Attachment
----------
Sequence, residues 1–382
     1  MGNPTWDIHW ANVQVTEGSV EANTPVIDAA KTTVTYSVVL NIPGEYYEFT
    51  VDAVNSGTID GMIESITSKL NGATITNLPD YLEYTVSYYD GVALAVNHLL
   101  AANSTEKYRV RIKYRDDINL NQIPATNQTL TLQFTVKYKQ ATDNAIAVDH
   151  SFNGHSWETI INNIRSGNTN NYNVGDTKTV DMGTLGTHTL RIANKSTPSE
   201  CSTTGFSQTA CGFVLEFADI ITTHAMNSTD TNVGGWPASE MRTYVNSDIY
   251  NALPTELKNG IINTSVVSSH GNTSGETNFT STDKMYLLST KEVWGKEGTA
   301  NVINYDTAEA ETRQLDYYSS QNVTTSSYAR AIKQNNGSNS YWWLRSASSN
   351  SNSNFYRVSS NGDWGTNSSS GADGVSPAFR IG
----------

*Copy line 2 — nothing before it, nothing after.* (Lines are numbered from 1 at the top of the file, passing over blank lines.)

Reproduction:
     1  MGNPTWDIHW ANVQVTEGSV EANTPVIDAA KTTVTYSVVL NIPGEYYEFT